A separate note on Wim’s technique, as human beings the spectrum of what we (think we) can endure day-to-day is relatively narrow. Wim’s technique is incredible at pushing personal boundaries, but it’s not an everyday technique for helping your body stay centered, grounded, and injury-free. At Urban Wellness Clinic, we’re always seeking new and innovative techniques to incorporate into our holistic health approach; there is definitely something we can learn from Hof. But our recommendation is if you subscribe to Wim’s breathing, balance it out with some balloon breathing to lengthen that exhale and calm the nervous system.


Chronic Stress Cure-All?

Hof is not without his critics. NYC dietician and exercise physiologist Samantha Heller has stated: “going to extreme lengths such as snow-hiking or swimming in frigid waters is not necessary to [manage stress].” Dr. David B. Samadi of Lenox Hill Hospital, though, thinks finessing the method just might do wonders for people dealing with chronic stress, whose immune systems work nonstop fighting imaginary enemies! Not exactly an imaginary problem.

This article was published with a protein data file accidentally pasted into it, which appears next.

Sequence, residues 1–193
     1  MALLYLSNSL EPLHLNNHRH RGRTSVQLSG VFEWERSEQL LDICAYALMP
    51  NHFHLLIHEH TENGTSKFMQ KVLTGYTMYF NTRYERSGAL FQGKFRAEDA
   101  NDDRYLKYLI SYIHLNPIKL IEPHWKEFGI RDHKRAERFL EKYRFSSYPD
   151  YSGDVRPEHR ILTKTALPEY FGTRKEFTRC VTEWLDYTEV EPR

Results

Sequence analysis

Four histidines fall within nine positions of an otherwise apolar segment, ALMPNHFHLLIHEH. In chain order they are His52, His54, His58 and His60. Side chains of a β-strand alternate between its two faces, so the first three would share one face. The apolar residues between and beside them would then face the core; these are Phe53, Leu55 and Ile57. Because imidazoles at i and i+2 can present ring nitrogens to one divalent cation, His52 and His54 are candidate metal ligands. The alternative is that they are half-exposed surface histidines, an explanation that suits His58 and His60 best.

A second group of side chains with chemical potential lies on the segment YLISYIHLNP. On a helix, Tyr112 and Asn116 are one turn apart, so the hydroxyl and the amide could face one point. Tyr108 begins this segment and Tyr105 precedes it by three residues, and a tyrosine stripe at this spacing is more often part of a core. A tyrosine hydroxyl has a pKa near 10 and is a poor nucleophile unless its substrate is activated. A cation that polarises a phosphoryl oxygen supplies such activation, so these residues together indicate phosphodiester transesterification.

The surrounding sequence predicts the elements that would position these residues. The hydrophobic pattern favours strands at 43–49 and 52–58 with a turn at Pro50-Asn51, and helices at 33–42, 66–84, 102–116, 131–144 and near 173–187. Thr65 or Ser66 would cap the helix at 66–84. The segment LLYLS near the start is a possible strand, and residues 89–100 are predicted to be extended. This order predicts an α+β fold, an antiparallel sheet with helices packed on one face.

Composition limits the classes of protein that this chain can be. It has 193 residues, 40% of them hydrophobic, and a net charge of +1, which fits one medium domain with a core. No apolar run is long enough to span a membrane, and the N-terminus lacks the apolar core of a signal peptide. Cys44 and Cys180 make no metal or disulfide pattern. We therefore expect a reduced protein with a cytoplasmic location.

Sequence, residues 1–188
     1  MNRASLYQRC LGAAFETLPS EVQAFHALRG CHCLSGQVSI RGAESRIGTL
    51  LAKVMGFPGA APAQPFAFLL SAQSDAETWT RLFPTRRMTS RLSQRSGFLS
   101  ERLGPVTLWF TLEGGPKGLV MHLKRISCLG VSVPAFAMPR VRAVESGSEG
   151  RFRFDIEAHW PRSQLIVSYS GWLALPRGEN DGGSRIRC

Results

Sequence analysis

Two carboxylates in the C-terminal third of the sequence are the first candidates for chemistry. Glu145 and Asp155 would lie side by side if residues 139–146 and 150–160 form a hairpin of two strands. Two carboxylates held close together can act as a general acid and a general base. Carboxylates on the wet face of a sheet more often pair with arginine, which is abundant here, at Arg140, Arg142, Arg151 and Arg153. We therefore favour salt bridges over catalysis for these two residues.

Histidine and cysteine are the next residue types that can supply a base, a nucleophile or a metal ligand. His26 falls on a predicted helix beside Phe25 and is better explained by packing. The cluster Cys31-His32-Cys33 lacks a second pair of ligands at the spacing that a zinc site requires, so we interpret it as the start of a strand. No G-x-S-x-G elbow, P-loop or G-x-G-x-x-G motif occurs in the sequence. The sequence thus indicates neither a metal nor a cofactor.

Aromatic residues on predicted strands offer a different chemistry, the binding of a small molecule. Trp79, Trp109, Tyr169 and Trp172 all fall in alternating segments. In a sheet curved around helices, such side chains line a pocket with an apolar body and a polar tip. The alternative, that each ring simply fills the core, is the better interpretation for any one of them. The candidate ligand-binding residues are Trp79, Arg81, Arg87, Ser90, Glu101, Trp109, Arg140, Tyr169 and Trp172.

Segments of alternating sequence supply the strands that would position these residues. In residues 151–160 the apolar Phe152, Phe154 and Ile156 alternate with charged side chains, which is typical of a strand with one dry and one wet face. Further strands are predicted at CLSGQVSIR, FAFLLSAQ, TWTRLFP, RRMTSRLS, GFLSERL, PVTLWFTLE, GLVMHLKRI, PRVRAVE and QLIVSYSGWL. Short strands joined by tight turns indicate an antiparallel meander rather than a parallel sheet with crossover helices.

If you’re sold, Hof offers a 10-week online program for $199—including cold-immersion therapy, body-temperature regulation and breathing techniques.

“I want to bring back love. Love is compelled by happiness, strength, and health. If you radiate good energy because you’re happy, healthy, and strong, that’s love. So love is my mission,” say Wim. Can’t argue with that!


For more information on Urban Wellness Clinic’s approach to staying centered, breathing well, and injury-free, contact us at 212-355-0445 or!

Best in health,

Dr. Emily Kiberd